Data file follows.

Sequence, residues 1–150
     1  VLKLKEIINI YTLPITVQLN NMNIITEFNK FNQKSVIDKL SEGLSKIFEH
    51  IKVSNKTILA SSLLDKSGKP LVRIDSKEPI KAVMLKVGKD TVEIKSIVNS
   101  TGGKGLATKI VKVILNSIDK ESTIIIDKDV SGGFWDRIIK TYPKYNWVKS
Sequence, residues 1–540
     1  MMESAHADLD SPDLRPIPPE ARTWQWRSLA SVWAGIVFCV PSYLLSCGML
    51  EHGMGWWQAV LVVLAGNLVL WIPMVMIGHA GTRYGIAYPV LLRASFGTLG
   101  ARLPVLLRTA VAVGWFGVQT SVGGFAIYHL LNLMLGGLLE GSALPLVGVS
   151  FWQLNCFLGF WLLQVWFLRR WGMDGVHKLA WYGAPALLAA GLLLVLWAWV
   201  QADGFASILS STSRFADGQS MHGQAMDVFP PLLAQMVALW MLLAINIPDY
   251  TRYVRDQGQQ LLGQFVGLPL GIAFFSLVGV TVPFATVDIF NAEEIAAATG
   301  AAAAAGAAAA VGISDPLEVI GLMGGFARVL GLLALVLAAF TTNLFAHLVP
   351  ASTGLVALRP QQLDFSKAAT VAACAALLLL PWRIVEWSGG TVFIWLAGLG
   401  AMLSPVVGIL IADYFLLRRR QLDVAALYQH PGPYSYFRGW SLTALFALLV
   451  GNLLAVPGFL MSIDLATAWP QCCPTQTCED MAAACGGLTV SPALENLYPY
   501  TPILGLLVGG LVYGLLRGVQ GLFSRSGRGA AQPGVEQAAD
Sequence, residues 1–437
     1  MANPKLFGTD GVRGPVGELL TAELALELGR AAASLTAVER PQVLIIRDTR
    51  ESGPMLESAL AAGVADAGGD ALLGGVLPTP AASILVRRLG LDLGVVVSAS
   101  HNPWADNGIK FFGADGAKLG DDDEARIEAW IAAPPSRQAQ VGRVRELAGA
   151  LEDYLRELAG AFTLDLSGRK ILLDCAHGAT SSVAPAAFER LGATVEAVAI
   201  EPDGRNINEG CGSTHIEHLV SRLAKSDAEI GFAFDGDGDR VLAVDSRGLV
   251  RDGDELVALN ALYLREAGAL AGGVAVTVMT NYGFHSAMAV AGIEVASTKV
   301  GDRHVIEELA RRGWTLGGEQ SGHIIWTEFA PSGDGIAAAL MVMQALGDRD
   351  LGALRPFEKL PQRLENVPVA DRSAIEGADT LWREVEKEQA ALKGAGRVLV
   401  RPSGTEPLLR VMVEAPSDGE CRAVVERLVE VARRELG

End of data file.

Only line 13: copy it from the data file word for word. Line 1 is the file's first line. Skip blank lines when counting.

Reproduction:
   351  ASTGLVALRP QQLDFSKAAT VAACAALLLL PWRIVEWSGG TVFIWLAGLG